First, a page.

Fairfax As local governments across America are laying off firefighters and teachers, governments in Northern Virginia are experiencing record levels of spending and an all-time-high number of employees. Budgets now under consideration in Fairfax, Arlington and Alexandria are higher than they’ve ever been. Experts say the trend is driven by the region’s ties to the federal government, which have traditionally insulated the region from downturns in the market. It’s also a reflection of a growing population and an increasing number of students in public school.
“When you have the best economy in the country, people move here,” said Stephen Fuller, director of the George Mason University Center for Regional Analysis. “Northern Virginia has been pretty hot — not like it used to be but compared to the rest of the country, it’s doing just fine.”
A look at the past decade shows that spending levels rose dramatically along with the real-estate market. When that bubble burst, local governments across America fell on hard times. Even now, years after the recession technically came to an end, statistics from the Commerce Department show local governments have become a drag on growth. But Northern Virginia belies this trend, in some ways acting as a counterbalance to it.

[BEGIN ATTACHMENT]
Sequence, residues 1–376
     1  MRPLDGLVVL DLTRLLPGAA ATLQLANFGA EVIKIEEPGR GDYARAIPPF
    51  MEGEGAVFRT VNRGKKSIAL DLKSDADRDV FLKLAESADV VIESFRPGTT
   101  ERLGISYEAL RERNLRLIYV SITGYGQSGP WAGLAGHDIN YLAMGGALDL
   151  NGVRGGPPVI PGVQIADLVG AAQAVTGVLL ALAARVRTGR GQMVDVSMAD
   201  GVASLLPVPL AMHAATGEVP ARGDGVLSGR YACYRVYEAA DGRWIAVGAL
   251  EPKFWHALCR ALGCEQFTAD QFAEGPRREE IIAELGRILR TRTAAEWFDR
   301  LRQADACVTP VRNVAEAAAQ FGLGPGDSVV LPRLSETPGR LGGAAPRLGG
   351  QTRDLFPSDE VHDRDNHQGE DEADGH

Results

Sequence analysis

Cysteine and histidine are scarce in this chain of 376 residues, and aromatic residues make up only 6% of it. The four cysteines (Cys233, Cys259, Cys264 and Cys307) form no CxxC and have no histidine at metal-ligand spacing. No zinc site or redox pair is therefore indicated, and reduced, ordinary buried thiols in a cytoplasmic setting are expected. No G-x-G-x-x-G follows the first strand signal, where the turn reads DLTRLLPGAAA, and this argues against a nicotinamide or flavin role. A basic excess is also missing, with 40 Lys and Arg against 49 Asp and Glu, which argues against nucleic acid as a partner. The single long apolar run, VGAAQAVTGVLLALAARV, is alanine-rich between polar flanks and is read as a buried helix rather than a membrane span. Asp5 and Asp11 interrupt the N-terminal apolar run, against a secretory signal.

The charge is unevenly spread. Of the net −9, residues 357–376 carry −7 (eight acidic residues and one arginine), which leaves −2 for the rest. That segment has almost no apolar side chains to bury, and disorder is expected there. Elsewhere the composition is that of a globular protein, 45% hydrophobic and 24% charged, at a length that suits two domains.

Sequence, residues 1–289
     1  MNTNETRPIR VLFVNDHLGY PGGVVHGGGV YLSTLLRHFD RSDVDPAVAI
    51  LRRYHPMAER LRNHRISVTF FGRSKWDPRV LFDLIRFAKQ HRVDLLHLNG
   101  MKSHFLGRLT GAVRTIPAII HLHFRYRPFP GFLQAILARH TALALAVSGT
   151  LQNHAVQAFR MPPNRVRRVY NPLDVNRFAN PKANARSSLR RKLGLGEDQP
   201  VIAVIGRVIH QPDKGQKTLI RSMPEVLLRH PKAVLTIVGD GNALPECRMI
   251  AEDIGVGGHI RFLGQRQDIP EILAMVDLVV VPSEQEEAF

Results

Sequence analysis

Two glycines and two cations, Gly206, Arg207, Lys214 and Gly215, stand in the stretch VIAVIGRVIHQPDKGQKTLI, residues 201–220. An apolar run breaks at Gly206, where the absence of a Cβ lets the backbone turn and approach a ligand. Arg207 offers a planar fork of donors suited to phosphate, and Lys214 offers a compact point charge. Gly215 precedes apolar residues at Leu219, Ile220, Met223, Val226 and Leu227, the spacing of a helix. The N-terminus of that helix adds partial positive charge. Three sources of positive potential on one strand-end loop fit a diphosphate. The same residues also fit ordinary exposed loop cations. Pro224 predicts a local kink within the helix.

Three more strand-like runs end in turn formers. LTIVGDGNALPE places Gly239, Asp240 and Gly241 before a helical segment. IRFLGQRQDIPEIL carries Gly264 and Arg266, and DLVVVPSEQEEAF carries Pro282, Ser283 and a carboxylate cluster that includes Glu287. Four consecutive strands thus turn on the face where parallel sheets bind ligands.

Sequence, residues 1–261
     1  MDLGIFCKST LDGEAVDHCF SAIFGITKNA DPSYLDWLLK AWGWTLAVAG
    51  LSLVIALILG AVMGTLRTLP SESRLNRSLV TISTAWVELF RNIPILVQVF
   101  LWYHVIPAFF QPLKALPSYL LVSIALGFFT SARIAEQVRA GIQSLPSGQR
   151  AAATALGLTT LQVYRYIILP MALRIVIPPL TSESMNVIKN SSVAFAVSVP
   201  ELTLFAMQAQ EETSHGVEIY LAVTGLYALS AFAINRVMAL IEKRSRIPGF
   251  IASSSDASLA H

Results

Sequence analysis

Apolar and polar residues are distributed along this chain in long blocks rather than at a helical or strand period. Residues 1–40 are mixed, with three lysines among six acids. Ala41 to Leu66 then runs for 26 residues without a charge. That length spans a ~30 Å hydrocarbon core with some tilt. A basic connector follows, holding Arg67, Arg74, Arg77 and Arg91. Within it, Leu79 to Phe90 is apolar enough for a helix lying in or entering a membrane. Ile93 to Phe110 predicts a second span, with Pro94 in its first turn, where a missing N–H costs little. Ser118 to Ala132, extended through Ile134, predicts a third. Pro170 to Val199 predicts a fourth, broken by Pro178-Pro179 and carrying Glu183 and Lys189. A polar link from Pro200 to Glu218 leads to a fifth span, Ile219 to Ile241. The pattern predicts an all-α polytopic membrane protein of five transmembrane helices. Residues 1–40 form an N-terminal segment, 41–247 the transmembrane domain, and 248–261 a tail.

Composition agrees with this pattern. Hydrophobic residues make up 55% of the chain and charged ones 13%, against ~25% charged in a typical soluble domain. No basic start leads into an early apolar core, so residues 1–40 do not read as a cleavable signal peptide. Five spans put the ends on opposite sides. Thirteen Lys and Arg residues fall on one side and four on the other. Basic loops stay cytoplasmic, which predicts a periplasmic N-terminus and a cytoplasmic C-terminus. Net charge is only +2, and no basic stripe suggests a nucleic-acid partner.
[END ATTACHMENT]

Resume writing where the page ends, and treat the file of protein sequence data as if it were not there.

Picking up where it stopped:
At least for now.
Because the economic health of the region is so closely tied to the fate of the federal government, any changes to federal spending could have dramatic consequences in Northern Virginia. One scenario that has many local governments worried involves the Government Control Act. That was the legislation that ended the debt-ceiling crisis last year by creating a super-committee that failed to reach an agreement in November. That could mean dramatic reductions in discretionary spending early next year.
“You’re not going to gain the savings you need by cutting an aircraft carrier, so you’re going to have to cut employees and salaries — the things you need to gain the savings next year, which is required by the law,” said Frank Shafroth, director of the Center for State and Local Government Leadership. “For federal agencies, that means disproportionate elimination of positions.”
OVER THE LAST two years, local governments across America have cut about half a million jobs. Since the federal government started recording local government jobs in 1955, the statistic declined in only six of those years. The first three were the beginning of the Ronald Reagan administration. And the second three are the beginning of the Barack Obama administration. In the last three years, government employment is down 2.6 percent, In the last 12 months alone, the government sector lost 276,000 jobs.
Contrast those numbers with Northern Virginia. In the last three years, Fairfax County has added about 1,400 jobs. Arlington and Alexandria have added more than 200 jobs. Budget officials say that growth has been built on the strength of the real-estate market.
“We only had one negative year,” said Richard Stephenson, budget director in Arlington County. “Because our tax base remains stable, we were able to continue the funding of programs that our population wanted. So we didn’t go in and make dramatic cuts to services.”